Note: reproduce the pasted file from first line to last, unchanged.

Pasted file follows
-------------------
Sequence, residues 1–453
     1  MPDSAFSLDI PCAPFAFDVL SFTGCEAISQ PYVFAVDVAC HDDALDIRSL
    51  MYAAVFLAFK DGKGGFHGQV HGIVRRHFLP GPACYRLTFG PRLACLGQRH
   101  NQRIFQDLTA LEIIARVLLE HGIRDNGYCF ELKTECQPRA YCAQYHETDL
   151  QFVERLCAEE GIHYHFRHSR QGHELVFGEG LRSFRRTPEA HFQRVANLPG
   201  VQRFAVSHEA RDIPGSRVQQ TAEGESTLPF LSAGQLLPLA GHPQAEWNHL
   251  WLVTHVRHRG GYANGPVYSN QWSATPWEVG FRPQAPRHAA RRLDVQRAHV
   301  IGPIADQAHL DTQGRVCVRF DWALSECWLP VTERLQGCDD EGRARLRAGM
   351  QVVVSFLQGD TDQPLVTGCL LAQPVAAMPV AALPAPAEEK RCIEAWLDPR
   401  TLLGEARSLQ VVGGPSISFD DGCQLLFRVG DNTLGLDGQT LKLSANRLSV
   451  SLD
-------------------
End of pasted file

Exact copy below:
Sequence, residues 1–453
     1  MPDSAFSLDI PCAPFAFDVL SFTGCEAISQ PYVFAVDVAC HDDALDIRSL
    51  MYAAVFLAFK DGKGGFHGQV HGIVRRHFLP GPACYRLTFG PRLACLGQRH
   101  NQRIFQDLTA LEIIARVLLE HGIRDNGYCF ELKTECQPRA YCAQYHETDL
   151  QFVERLCAEE GIHYHFRHSR QGHELVFGEG LRSFRRTPEA HFQRVANLPG
   201  VQRFAVSHEA RDIPGSRVQQ TAEGESTLPF LSAGQLLPLA GHPQAEWNHL
   251  WLVTHVRHRG GYANGPVYSN QWSATPWEVG FRPQAPRHAA RRLDVQRAHV
   301  IGPIADQAHL DTQGRVCVRF DWALSECWLP VTERLQGCDD EGRARLRAGM
   351  QVVVSFLQGD TDQPLVTGCL LAQPVAAMPV AALPAPAEEK RCIEAWLDPR
   401  TLLGEARSLQ VVGGPSISFD DGCQLLFRVG DNTLGLDGQT LKLSANRLSV
   451  SLD